Two years ago, I filmed a little bird that was flitting back and forth in the mowed corridor between two over-grown sections on our property. It was then that I learned about the challenges faced when attempting to identify the species within the genus Empidonax. “Did you get an audio identification?” I was asked when I would post a photo asking for assistance.
Last year I got lucky or smart and I began recording the vocalizations (if I heard them) when I saw one of these cuties. And, in fact, I was lucky to get good audio that the BirdNET app determined with good confidence was a Willow flycatcher while at the same time capturing a pretty decent image of the bird. I spotted Willow flycatchers around our place during much of the summer.
This year, my third foray into the birding hobby, I believe that my ears are getting more adept at recognizing the various species that reside or visit here and I’m a bit quicker to start an audio recording when I hear a unique song, or one that I haven’t heard for a spell. I typically review the file back at my desk, as the BirdNET app doesn’t always function in the field due to signal issues I encounter.
Yesterday, after 6:00 PM after an entire day of over cast skies and a heavy rain, I spotted a flycatcher in the alley near the old barn. This is a place where old wooden posts that once held fencing remain and a sometimes mowed “alley” provides great hunting for birds like the flycatchers. They can perch atop a post and then flit down for a bug and often return to that same post moments later. That makes it a wonderful place to acquire an otherwise difficult photo of the little birds. The predictability of their behavior allows me to me to leave my focus on a specific post top and simply wait for the bird to return.
Here are the photos I took on 7/26/22, Fayette Co, IL
Curiously, just before I spotted the bird, I heard the call of what I thought might be a Willow Flycatcher. I had heard it a few days prior, as well. That’s why I think my ears were tuned to recognize it. In the relative darkness, I didn’t have a clue what species I was filming, except that its behavior told me it was a flycatcher.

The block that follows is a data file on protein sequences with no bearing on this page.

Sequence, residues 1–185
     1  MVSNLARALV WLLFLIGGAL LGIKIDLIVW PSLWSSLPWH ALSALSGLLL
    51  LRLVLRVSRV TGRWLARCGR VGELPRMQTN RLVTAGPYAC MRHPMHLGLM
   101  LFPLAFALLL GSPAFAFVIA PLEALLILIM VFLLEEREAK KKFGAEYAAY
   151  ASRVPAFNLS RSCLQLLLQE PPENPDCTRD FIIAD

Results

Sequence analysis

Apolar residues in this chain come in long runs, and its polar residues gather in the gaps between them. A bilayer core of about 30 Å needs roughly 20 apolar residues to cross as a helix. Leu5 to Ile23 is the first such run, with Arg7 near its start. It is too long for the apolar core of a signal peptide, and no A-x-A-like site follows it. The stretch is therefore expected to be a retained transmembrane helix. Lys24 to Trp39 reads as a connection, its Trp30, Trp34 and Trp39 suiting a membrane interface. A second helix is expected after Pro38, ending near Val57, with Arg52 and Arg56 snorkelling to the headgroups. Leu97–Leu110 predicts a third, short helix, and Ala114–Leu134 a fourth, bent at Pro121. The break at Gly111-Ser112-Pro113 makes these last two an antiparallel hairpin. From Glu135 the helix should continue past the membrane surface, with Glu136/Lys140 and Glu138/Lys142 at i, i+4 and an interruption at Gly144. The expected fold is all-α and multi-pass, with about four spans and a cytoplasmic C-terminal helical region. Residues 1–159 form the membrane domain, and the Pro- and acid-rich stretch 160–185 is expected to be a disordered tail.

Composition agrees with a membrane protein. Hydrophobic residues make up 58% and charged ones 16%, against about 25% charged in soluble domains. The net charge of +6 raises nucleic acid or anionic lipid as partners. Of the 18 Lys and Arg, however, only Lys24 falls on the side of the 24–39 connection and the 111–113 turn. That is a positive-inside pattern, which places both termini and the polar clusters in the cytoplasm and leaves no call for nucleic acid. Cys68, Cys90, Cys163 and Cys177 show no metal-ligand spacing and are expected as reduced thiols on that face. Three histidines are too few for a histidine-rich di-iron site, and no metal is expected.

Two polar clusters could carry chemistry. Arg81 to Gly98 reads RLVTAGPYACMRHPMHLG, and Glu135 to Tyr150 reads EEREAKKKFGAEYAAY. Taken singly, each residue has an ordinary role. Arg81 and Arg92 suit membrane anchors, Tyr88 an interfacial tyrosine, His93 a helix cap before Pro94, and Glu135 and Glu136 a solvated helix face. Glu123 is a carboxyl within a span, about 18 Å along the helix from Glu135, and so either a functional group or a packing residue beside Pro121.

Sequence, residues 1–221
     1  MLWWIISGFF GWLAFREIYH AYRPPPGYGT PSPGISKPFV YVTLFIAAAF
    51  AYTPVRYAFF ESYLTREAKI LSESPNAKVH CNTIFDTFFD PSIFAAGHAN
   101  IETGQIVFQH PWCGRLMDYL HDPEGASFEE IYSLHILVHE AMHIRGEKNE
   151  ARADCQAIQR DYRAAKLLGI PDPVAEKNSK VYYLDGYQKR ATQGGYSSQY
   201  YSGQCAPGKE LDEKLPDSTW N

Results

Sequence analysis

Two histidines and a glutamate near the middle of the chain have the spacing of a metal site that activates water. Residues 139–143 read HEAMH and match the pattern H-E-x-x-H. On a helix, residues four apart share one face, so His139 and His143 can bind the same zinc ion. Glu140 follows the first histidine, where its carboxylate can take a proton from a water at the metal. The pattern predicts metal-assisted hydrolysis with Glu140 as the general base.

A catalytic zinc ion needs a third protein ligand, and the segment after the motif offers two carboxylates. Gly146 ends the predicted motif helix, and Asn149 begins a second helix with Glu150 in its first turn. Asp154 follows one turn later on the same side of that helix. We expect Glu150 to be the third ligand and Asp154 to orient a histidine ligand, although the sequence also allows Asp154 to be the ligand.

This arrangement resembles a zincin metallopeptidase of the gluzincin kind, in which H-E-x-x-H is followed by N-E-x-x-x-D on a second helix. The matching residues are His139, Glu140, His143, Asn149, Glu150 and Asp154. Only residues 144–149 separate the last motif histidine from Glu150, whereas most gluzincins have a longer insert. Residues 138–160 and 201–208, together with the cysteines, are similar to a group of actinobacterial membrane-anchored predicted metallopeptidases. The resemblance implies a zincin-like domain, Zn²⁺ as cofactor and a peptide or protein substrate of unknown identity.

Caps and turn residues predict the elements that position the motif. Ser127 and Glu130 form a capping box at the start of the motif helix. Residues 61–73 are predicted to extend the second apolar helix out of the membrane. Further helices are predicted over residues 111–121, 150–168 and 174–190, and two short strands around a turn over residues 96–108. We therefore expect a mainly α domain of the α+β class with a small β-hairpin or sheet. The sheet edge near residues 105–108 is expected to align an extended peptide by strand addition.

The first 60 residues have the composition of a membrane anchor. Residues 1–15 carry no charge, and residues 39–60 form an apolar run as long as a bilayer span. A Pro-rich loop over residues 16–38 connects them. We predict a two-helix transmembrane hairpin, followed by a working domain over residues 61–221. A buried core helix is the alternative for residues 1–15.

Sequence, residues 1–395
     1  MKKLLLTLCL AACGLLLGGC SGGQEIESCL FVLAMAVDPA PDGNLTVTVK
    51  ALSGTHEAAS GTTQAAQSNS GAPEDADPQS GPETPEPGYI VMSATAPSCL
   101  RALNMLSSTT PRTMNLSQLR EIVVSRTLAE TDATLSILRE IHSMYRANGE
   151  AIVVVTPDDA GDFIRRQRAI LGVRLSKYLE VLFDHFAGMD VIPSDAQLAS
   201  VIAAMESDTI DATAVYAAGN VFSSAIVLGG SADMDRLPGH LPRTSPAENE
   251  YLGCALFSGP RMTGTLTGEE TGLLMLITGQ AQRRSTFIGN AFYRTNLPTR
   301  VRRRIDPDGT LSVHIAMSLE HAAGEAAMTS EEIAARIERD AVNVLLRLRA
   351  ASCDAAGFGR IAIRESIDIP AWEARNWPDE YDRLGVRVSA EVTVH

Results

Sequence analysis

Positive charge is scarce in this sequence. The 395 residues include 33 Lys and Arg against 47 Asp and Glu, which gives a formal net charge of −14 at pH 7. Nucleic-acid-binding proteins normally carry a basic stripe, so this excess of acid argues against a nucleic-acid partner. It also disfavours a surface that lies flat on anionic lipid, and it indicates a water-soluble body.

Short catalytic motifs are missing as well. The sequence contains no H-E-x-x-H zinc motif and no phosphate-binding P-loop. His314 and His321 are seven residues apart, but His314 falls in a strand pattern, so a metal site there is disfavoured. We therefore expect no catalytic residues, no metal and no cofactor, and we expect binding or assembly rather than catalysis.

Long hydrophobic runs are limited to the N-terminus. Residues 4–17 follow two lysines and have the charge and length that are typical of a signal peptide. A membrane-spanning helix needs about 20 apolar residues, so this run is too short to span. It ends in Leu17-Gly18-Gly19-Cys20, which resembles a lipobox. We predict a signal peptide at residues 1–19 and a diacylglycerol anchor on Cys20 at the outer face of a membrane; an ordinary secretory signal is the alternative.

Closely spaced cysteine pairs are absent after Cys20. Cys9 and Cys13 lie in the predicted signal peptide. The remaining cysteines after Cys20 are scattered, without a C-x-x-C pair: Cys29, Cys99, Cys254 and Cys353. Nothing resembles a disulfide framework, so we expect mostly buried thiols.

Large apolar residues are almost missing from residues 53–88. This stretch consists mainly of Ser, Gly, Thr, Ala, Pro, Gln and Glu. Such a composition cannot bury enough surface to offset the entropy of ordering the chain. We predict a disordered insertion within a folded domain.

Last night I ran the audio file for BirdNET to analyze. The “Willow Flycather – ALMOST CERTAIN” result made me feel very accomplished. Then, I reviewed the images which were disappointing in their low-light condition, but I was able to increase the exposure value to get a clear enough image to feel confident in the BirdNET evaluation. It was a Willow.
Today, I went about the job of editing the audio file – which just means cutting off the sections around the file which contained the Willow Flycatcher’s vocalization. But, when I ran the app again, three different times, the results were: Acadian Flycather – HIGHLY LIKELY, ALMOST CERTAIN and HIGHLY LIKELY. What?
In the background of the 33 second long audio file, there is a lot of high pitched insect noise. I always find it interesting when I listen to a recording to discover how loud those insects can be and how (when I am out) my brain seems to ignore the sound, and is able to hear the bird sounds more clearly than they sound on the recording. Still. I think the bird vocalizations are clear enough to distinguish for a seasoned birder. And, that is the point of this post. I am seeking assistance from folks in the know regarding the Flycatcher species who may be able to tell me what species they hear.
One other interesting note – the BirdNET app also has returned “Worm Eating Warbler – LIKELY, ALMOST CERTAIN and HIGHLY LIKELY as well on this recording. That is a species that I have never seen or heard, yet, on our property. So, getting a confirmation of the BirdNET app’s determination on that species would be really great! If you are a Birder with flycatcher experience and are willing to help me, I’d truly appreciate your assistance.